Those restrictions were eased by December 25, even as New Delhi remained consumed by an anxious vigil as the young woman remained in critical condition. Doctors gave daily, televised updates on her condition until Wednesday evening, when the authorities unexpectedly flew her by special airplane to a hospital in Singapore, where her condition deteriorated before she died of organ failure. It is the graphic horror of the attack that set off the outrage: the victim was a 23-year-old woman, her identity still withheld, whose evening at the movies with a male friend on December 16 turned nightmarish. The police say a group of drunken men waved the pair onto a private bus, promising a ride home, but instead assaulted them with an iron rod and raped the woman as the bus moved through the city.
College students, mostly women, led the early protests. Sexual violence has become a national scandal in India, amid regular reports of gang rapes and other assaults against infants, teenagers and other women. But women also spoke of a more pervasive form of harassment: of being groped in public; of fearing to ride buses or subways alone; of victims, not attackers, being shamed and blamed.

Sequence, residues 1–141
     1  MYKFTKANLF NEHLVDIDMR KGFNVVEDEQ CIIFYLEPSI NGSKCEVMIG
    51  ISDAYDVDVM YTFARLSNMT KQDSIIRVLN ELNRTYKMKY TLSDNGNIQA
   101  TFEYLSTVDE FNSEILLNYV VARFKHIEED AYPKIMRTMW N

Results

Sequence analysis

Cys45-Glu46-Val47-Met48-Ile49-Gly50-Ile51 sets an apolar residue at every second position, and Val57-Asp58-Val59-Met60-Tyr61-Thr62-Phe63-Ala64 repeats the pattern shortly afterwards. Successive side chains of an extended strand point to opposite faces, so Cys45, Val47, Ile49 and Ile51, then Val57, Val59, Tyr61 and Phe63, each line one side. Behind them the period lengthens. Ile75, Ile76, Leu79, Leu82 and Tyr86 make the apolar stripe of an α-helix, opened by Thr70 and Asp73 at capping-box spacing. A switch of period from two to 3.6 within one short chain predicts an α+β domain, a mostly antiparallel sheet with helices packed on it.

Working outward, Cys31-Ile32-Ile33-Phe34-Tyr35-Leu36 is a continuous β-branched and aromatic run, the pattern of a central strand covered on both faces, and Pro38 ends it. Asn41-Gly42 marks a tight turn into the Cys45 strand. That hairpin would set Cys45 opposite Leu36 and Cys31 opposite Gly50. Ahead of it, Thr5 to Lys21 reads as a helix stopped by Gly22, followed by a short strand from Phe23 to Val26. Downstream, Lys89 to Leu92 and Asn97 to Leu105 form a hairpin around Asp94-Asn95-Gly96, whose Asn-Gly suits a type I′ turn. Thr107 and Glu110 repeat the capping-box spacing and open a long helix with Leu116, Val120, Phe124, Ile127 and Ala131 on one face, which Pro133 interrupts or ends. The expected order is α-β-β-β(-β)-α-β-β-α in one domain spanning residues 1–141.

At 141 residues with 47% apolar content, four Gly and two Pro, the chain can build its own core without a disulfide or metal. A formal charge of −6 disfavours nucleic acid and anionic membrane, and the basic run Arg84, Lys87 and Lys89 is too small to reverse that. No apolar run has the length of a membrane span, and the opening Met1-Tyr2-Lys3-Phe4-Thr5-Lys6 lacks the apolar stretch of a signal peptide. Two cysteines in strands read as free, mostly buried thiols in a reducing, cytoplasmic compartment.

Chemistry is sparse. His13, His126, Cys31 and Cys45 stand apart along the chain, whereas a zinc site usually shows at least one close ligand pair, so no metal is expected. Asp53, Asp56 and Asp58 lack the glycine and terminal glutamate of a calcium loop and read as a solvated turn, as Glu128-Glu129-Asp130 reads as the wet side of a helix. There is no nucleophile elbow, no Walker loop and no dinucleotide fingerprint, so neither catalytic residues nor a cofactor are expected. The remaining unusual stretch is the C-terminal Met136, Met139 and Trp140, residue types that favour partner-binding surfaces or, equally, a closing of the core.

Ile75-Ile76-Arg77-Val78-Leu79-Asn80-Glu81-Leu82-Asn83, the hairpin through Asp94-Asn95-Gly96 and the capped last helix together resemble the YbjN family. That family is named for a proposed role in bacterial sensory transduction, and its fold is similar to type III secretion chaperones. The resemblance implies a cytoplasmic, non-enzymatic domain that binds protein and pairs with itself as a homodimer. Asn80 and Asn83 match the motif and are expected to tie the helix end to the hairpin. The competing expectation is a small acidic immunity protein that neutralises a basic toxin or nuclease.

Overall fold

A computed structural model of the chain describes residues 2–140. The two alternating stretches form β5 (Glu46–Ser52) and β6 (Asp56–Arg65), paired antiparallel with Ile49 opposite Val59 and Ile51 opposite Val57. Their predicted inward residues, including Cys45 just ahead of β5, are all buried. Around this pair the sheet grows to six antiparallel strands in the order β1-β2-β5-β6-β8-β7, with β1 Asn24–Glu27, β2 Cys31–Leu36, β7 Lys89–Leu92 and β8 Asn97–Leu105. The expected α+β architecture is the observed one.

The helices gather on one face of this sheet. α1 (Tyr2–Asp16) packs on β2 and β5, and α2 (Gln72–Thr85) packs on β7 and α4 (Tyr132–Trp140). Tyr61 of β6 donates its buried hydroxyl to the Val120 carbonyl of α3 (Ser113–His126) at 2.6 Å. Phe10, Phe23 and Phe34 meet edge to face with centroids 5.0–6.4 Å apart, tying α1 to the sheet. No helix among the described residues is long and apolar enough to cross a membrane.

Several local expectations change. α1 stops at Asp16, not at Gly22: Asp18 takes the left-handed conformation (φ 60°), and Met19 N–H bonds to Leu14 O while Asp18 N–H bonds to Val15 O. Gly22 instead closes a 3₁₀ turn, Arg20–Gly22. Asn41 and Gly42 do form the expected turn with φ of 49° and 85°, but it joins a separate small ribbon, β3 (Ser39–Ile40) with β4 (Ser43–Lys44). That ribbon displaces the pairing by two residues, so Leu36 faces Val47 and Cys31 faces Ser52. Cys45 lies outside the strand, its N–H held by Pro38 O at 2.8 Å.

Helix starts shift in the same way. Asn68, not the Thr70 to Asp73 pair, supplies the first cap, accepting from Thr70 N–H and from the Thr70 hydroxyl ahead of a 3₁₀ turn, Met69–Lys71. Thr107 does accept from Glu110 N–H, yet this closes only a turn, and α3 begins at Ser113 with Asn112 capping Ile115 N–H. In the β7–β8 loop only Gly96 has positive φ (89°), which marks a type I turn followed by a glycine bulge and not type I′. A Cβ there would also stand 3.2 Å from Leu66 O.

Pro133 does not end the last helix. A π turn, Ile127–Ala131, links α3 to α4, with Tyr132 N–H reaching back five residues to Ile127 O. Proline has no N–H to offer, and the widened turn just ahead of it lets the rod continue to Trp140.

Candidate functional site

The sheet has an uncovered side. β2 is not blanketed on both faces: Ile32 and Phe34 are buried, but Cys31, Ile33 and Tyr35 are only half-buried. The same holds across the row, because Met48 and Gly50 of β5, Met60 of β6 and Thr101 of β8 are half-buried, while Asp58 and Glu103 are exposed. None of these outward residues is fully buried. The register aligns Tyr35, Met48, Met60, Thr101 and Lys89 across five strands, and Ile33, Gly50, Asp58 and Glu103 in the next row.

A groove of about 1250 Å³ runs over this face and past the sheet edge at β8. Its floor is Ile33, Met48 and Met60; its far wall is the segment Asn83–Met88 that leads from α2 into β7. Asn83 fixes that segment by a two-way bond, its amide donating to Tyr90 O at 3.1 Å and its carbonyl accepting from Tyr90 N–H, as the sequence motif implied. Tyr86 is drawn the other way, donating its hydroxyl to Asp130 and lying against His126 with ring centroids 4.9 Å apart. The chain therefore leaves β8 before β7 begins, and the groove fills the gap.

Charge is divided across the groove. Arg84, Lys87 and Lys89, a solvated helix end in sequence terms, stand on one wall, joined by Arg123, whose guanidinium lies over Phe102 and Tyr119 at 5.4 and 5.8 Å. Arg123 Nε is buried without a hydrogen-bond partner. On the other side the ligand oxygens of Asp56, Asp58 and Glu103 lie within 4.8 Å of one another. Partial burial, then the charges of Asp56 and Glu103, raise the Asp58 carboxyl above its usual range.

"Rape happens everywhere," Urvashi Butalia, a feminist writer, wrote in The Hindu, a national English-language newspaper. "It happens inside homes, in families, in neighbourhood's, in police stations, in towns and cities, in villages, and its incidence increases, as is happening in India, as society goes through change, as women's roles begin to change, as economies slow down and the slice of the pie becomes smaller."
Analysts say that India's coalition national government, led by the Indian National Congress Party, had an early opportunity to defuse the anger by embracing the protests and providing comfort and reassurance. Yet that moment, analysts agree, was missed, as top leaders misjudged how quickly public anger would escalate, especially among the young. It was a generational divide between young urbanites, often communicating by social media, and a government unable to find a way to win public trust.